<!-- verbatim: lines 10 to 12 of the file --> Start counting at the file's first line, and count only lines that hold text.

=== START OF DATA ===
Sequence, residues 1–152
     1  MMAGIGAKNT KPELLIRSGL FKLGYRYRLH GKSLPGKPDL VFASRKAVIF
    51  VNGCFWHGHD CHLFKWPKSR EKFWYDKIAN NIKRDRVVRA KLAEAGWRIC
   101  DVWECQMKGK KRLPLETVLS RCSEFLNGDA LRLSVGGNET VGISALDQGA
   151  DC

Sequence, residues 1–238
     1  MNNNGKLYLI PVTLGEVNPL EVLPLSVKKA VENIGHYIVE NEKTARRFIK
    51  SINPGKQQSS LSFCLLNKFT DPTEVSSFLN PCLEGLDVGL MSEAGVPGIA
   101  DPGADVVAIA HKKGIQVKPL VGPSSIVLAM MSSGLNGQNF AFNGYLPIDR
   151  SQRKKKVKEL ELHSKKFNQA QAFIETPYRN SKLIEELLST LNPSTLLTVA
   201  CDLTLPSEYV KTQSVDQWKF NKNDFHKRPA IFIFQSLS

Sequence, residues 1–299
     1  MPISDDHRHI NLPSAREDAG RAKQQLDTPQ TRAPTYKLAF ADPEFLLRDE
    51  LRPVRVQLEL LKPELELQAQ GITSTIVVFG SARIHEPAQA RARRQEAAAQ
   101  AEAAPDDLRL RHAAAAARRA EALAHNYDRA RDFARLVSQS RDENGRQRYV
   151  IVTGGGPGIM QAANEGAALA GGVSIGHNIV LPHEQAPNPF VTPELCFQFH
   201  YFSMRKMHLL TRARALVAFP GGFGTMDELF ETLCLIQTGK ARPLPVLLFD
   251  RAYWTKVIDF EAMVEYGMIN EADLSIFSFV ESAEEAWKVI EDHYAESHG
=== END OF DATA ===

   151  SQRKKKVKEL ELHSKKFNQA QAFIETPYRN SKLIEELLST LNPSTLLTVA
   201  CDLTLPSEYV KTQSVDQWKF NKNDFHKRPA IFIFQSLS

Sequence, residues 1–299